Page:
Recently I finished reading the book Blink The Power of Thinking without Thinking.
I admit the headline caught my eye as, in the era of energy efficiency, as imagined how much time I would save in life, if I did not spend so much time thinking about things.
This book is all about thin slicing “The ability of our unconscious to find patterns in situations and behaviours based on narrow slices of experience”
Thin-slicing (rapid cognition) is what makes our unconscious both dazzling and problematic, as it allows gathered information to make sophisticated decisions in a short space of time.
This book was an interesting read that deals with our both unconscious attitude and conscious attitude, when dealing with others.
A couple of interesting cases:
Case 1: Medical Profession
When looking at malpractice cases it was found that doctors were sued not just because they had harmed the patient with poor medical treatment, but also because of the way the doctor treated them on a personal level.
Simply put “People do not sue doctors they like”
Amazingly the difference of spending at least 3 minutes longer than average with a patient, explaining the medical process and outcomes, was the main contributing factor, to whether a doctor was sued when things went wrong, regardless of skill and/or knowledge.
Case 2: Car Salesmen
Bob Golomb, sells more than double the average number of cars sold per month, bases his success on the rule “Take care of the customer”
The main reason Golomb is so successful is that he never judges anyone based on their appearance. He assumes everyone who walks in the door has the exact same chance of buying a car.
Golomb states “Pre-judging is the kiss of death. You have to give everyone your best shot”
First impressions, are based on ones experiences and ones environment, therefore to change ones first impressions, one most change ones experiences, this changing ones impressions.
A couple of weeks ago, I was in a local stationary store looking for some hard backed envelopes and a flipchart. Now granted I was not wearing a suit, but neither was I scruffy, I would say I was smart casual.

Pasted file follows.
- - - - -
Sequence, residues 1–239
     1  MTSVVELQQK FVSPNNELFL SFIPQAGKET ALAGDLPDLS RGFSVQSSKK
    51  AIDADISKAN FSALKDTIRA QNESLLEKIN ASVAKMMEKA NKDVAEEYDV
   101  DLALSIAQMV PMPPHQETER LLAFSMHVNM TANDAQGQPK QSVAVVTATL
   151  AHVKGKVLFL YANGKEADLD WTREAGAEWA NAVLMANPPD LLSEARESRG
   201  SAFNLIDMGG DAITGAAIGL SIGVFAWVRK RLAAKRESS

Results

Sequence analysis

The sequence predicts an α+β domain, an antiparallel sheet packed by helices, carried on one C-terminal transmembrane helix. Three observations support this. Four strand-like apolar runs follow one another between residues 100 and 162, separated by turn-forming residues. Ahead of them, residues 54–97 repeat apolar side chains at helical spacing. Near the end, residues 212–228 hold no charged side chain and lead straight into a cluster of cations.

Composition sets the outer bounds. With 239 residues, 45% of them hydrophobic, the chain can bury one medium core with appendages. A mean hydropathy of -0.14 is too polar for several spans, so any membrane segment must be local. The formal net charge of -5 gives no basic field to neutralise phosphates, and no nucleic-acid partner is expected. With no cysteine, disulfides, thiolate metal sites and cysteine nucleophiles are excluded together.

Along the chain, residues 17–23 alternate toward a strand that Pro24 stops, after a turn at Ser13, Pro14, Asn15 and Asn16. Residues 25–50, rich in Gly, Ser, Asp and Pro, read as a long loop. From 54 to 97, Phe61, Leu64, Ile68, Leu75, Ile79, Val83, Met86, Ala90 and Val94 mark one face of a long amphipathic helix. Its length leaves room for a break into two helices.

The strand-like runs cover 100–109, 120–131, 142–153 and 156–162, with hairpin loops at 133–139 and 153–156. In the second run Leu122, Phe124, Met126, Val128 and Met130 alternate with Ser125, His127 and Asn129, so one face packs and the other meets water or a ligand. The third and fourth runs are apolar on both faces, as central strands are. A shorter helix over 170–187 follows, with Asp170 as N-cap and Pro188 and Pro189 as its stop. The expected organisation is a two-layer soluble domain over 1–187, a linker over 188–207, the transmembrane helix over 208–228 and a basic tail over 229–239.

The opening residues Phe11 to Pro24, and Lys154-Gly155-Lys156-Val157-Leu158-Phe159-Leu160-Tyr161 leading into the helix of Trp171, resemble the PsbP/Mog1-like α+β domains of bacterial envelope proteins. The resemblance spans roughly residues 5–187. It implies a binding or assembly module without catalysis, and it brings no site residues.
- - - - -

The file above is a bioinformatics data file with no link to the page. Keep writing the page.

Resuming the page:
As I entered the reasonably busy store, I smiled at the security guard and walked to the first aisle, within seconds I felt the security guard hovering nearby watching me.
I moved to the next aisle and there she was again. In the final aisle, I found the flipcharts, and there was a choice of 8, with different features and prices.
So it took me some time to decide which model to go for, and the security guard was really making me feel uncomfortable. Had it not been for the time crunch in getting a flipchart, and knowing finding another store with flipcharts was going to add and extra 45 minutes to the task, I would have walked out.
So I dragged the flipchart to the till, under the watchful eye of the security guard, who noticed that I was struggling to carry such a bulky item, but did nothing to assist. I guess she had worked out that I was not going to shop-lift this item.
When I got to the till, I asked whether the flipchart contained paper, and was told no, so I went back to my flipchart aisle, followed not so discreetly by the security guard.
I have never met this security guard before, but something in her thin-slicing made her “stalk me through this store”, thus making me uncomfortable and rush to purchase. The whole experience was both annoying, irritating and embarrassing for me, as she had pre-judged me to be a criminal and acted accordingly.
I doubt I will ever visit this store, and possibly this stationary chain again.
As a IT trainer, it is our job to make our delegates consciously aware of what they need to know to improve their understanding of a particular piece of software to enable them to do their job more effectively and/or efficiently.
We do this by creating a safe, interactive, relaxed fun learning environment to enable effective knowledge transfer between all the parties within the session.
So here are some questions to consider:
- What external issues do you bring into the training room with you?
- What pre-conceived ideas/feelings do to you bring into the training room with you?
- What labels do you apply to the delegates as they enter the room?
- How do those labels affect the way you deliver the training session?
- How do those labels affect the way you interact with the delegates?
- How often do you put yourself in the shoes of your delegates?
- How often do you become a delegate?
We need to be flexible to adapt to their individual needs as the training session progresses, but how many times do we thin-slice and behave like the doctor who does not take the time to explain things, or as the car sales man who pigeon holes the delegates, as difficult, attention seeking or a know it all, just by looking at them at the beginning of the session and act accordingly?